16. Medical Biodefense Conference in München Nachlese

16. Medical Biodefense Conference in München Nachlese

16. Medical Biodefense Conference in München Nachlese

Alle 2 Jahre versammelt die MBDC Universitäten, Behörden und staatliche und militärische Forschungseinrichtungen für einen wissenschaftlichen Austausch. Berner International war bei dieser Veranstaltung mit einem Vortrag und Poster im wissenschaftlichen Programm der Konferenz vertreten.

Die 16. Medical Biodefense Conference, die weltweit führende Tagung auf dem Gebiet des Medizinischen B-Schutzes, fand vom 28. Bis 31. Oktober in München statt. Das wissenschaftliche Programm der von dem Institut für Mikrobiologie der Bundeswehr veranstalteten Konferenz deckte ein breites Spektrum medizinischer Biodefense-Themen ab. In Vorträgen und Workshops diskutierten die international führenden Experten aus dem Bereich des medizinischen B-Schutzes u.a. Themen zu medizinischen Gegenmaßnahmen, insbesondere die Entwicklung neuer antimikrobieller Mittel und Impfstoffe.

Berner International war mit einem Vortrag zum Thema „Sichere Handhabung von biologischen Toxinen – Besondere Anforderungen an Sicherheitswerkbänke und Isolatoren“ vertreten. In der Poster Ausstellung präsentierte Berner ein Poster zum Thema „Stand der Technik der Dekontaminierung von Sicherheitswerkbänken, Isolatoren und Luftschleusen“.


Thema: Safe handling of biological toxins – Particular requirements to safety cabinets and isolators


Thomas Hinrichs, Ralf Wörl, Michael Klein, Berner International GmbH

The handling of biological toxins requires the use of a safe work environment. Appropriate protective measures have to ensure that personnel as well as product protection can effectively be implemented. The current legal situation is complex: As an example in Germany, activities pertaining to isolated toxins are regulated by the German Ordinance on Hazardous Substances (Gefahrstoffverordnung). On the other hand, when activities involve the toxin producing organisms, these activities are also subject to the German Ordinance on Biological Substances (Biostoffverordnung).

In any case, the release of toxins or microorganisms into the air constitutes the main exposure route. With regard to occupational safety and health, inhalation of particles or aerosols inadvertently generated during work or as the result of a spill must be prevented.

Safety cabinets and isolators are considered to be the most effective technical measures to minimise this risk. They should provide a secure containment, which prevents airborne particles from escaping or entering the working area. Despite their widespread use, there are so far no regulations which define the particular requirements for these devices when used as a barrier system against biological toxins. In Germany, since 2017, the standard DIN 12980 defines the design and testing procedures of safety cabinets and isolators, which must be used for the handling of substances classified as carcinogenic, mutagenic, or toxic for reproduction (CMR substances). Moreover, in the related standard DIN EN 12469 basic requirements for microbiological safety cabinets (classes I to III) are specified.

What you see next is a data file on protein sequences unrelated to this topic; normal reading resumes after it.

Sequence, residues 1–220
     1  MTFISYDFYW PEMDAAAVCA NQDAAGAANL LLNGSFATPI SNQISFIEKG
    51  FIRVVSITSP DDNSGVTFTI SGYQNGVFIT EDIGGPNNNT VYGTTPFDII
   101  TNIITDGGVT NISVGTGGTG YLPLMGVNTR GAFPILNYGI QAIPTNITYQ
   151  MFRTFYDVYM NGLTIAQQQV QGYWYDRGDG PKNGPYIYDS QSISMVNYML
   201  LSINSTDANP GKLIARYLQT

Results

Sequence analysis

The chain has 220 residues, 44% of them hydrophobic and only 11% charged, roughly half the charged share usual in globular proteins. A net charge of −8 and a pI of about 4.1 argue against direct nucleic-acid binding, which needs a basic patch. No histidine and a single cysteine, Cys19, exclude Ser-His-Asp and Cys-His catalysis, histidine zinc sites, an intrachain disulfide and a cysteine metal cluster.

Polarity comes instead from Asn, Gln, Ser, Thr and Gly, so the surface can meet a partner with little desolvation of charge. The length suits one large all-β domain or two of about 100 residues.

In line with both standards and in view of our own long-term experience, the special requirements for the safe handling of biological toxins should be identified and discussed. The ongoing efforts at federal and European level in connection with the amendment of the DIN EN 12469 make this considerations more topical than ever.


State of the art decontamination of safety cabinets, isolators and air locks


Thomas Hinrichs, Ralf Wörl, Michael Klein, Berner International GmbH

To inactivate microbiological contaminants inside safety cabinets, isolators and air locks the conventional wipe disinfection is not sufficient. In particular, filters but also hard-to-reach areas cannot be reliable decontaminated in this way. Therefore, relevant regulations and standards stipulate that vaporized or nebulized agents should be used for decontamination.

The most common gaseous or aerosolized agents for room decontamination are ethylene oxide, formaldehyde and hydrogen peroxide. All substances are characterized by a high biological effectiveness but differ in regard to conditions of use, exposure time and health risks. An increasingly important aspect is the fact that ethylene oxide and formaldehyde are considered to be carcinogenic. In contrast, hydrogen peroxide is classified as less harmful to human health and to the environment. Mainly due to its low toxicity as well as to its relative ease of use, hydrogen peroxide has become the method of choice in many laboratories and in industrial processes.

Despite the principal advantages of hydrogen peroxide it is still a complex issue to develop a suitable, reproducible and validated decontamination procedure even with this agent. A number of factors like temperature, humidity, vaporisation method, aeration and decomposition have to be taken into account to make the process sufficiently effective, compatible with all materials, less time consuming and safe. Most important becomes the design of the hydrogen peroxide generator for fast and even distribution inside the containment, while avoiding leakage into the environment.

In various regulations, recommendations and standards information on implementation and the correct validation can be found. Nevertheless, many users may not be sufficiently informed about the possibilities and requirements for the decontamination of containments used for microbiological, biotechnological or medical work.

In this presentation we will describe requirements and basic conditions for the decontamination of safety cabinets, isolators and air locks. We aim to provide an overview of the current state of implementation and to give an outlook on future developments.


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